“By deliberately promoting innovation and moving into new ways of doing business within the last decade, the Shipping Association of Jamaica (SAJ) was fortuitously prepared to face this ‘new normal’”, stated Charles Johnston, referring to the organisation’s effective response to COVID-19. Johnston was delivering his President’s Report at the 82nd Annual General Meeting (AGM) of the Shipping Association of Jamaica held on Friday, November 27, at the SAJ’s headquarters in Newport West, Kingston.
The outgoing president of the SAJ did not seek a third consecutive term in office, and in handing over leadership to William Brown, group managing director of Lannaman & Morris (Shipping) Group of Companies, he said that “the changes we have made in recent years aptly position the association to meet the opportunities and the challenges that we will face in the coming years”.
Johnston, who previously served as president of the SAJ in 1993, noted that members distinguished themselves as “exemplars in manoeuvring the unprecedented socioeconomic reality brought on by the pandemic”. He commended members of the shipping community for their swift action to implement strategies to maintain cargo operations while keeping staff and customers safe.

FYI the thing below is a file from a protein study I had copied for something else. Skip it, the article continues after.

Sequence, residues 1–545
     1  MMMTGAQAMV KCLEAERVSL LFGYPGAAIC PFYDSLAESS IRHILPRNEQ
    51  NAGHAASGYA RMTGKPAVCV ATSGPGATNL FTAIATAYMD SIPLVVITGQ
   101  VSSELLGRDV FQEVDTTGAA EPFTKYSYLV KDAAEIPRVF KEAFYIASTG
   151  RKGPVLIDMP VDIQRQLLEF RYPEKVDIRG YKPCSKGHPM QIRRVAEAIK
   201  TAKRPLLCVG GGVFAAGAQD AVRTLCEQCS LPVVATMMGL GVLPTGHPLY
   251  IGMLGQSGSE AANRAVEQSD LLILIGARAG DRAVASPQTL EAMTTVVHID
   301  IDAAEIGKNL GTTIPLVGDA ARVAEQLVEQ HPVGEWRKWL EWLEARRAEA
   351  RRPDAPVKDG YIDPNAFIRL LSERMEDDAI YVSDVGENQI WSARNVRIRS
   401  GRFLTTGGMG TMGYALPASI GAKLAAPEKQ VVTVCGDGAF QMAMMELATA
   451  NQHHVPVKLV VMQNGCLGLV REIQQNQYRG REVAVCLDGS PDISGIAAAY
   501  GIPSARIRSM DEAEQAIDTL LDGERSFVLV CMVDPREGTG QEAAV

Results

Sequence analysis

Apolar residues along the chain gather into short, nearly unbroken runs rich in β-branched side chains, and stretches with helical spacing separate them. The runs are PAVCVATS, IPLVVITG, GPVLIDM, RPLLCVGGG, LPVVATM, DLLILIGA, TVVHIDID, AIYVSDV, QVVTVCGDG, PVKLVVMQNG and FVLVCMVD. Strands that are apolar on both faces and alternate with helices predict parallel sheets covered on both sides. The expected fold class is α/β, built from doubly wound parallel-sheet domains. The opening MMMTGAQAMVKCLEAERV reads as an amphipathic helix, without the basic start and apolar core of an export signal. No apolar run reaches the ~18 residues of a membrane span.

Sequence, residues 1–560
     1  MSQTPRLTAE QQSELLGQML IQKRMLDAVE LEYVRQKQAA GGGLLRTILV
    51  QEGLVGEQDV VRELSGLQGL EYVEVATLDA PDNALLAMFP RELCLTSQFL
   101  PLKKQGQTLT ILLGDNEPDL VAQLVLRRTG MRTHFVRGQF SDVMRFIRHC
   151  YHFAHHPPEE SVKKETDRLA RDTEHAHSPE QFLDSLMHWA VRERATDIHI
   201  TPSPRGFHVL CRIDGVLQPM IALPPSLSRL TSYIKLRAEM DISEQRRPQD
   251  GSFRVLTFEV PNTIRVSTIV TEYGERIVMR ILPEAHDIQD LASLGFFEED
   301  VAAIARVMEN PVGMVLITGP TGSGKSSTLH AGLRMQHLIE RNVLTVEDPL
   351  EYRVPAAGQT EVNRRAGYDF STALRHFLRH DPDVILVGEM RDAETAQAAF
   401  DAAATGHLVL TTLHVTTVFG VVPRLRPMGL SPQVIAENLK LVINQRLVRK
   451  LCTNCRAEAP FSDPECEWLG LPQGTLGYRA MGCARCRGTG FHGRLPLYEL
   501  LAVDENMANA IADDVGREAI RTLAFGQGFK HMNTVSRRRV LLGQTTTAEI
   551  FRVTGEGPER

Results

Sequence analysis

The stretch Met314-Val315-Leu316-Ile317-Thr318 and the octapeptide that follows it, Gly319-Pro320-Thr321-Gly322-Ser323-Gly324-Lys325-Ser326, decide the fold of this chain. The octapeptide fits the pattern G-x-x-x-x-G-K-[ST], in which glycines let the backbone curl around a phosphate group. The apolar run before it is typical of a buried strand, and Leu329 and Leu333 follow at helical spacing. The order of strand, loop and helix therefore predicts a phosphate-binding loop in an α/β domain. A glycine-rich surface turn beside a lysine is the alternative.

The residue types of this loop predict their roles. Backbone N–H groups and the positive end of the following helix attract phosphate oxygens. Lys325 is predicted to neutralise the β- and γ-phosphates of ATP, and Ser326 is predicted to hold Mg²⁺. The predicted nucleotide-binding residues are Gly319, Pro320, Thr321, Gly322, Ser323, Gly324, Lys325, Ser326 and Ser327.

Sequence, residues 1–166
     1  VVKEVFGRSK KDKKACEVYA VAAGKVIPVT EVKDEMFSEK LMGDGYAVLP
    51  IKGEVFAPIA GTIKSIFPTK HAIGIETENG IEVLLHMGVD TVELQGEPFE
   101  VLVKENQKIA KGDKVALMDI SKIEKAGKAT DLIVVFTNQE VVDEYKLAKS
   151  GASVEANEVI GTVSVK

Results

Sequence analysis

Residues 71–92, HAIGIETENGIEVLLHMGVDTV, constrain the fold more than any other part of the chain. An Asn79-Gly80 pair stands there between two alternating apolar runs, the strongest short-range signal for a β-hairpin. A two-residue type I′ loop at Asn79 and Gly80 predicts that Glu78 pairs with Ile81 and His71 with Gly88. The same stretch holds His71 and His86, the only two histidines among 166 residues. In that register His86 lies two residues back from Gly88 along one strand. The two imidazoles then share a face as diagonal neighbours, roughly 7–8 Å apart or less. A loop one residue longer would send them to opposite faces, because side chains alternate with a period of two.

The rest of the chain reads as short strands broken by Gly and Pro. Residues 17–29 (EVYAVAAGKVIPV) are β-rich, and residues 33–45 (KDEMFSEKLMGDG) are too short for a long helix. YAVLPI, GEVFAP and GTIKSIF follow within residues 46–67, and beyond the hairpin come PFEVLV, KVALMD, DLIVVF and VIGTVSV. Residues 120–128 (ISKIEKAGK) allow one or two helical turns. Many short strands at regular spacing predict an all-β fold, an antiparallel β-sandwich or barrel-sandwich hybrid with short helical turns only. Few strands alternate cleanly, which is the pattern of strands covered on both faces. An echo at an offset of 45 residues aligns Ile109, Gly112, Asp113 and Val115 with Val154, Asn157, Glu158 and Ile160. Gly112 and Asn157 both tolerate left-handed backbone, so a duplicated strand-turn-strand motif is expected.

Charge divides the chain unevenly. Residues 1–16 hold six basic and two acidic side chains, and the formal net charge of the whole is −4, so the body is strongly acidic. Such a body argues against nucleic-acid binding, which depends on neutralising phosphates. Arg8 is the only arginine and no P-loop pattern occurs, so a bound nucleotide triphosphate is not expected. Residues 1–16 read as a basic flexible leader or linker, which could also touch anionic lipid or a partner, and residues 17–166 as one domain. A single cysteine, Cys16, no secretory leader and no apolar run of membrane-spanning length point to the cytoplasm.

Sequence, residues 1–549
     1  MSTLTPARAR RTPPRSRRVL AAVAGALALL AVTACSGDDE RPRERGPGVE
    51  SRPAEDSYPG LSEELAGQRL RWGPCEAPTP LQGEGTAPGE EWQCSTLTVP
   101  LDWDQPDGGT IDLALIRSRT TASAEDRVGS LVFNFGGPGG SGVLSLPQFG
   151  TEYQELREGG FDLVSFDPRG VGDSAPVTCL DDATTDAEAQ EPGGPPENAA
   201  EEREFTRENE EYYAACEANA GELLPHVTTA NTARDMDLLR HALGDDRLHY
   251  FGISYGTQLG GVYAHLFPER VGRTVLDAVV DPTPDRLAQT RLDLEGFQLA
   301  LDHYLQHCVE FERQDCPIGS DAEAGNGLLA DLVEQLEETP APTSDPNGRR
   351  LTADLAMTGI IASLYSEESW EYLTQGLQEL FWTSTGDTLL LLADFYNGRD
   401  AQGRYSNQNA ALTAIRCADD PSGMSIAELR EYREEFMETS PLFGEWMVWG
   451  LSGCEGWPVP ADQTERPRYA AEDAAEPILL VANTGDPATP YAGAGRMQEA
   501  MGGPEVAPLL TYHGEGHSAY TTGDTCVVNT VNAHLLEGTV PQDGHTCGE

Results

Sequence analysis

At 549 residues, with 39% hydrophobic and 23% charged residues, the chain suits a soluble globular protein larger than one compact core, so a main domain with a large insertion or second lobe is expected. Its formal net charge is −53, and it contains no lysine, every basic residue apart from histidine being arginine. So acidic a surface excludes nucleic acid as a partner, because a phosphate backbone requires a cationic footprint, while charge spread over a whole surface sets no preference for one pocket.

EVENTS AND ACHIEVEMENTS
Events and achievements of the past year that were cited in the President’s Report to the SAJ AGM include adopting and promoting, among staff members and the community, creative and practical solutions to mitigate the spread of COVID-19; participating in discussions and preparation of a written submission to the Joint Select Committee of Parliament on the replacement of the Customs Act of 1941; operationalising the long-awaited left-turn access to Ninth Avenue in Newport West; continuing to pursue an Industrial Park for Newport West; continuating an integral role in the development of the Caribbean Maritime University and the restorating of its reputation; resolving a legal matter with a shipping line along with the terminal operator, Kingston Freeport Terminal Limited, and continuating the weekly shipping feature in The Gleaner.
PROTOCOLS FOR SEAFARERS
In his report, Johnston also informed members of their presentations made by the SAJ to the Government of Jamaica (GOJ) and the Maritime Authority of Jamaica (MAJ) to set out procedures to allow for crew changes and repatriation during the pandemic. Travel restrictions implemented globally, as well as by the GOJ, at the start of the pandemic, left many seafarers stranded on, and unable to join, ships. The MAJ was receptive to the recommendations of the SAJ. A protocol was drafted by the SAJ and mirrors one produced by the MAJ and implemented by the Government. Jamaica is one of the few countries in the world that has taken the steps of implementing such protocols, which will prove beneficial to the supply chain as a whole.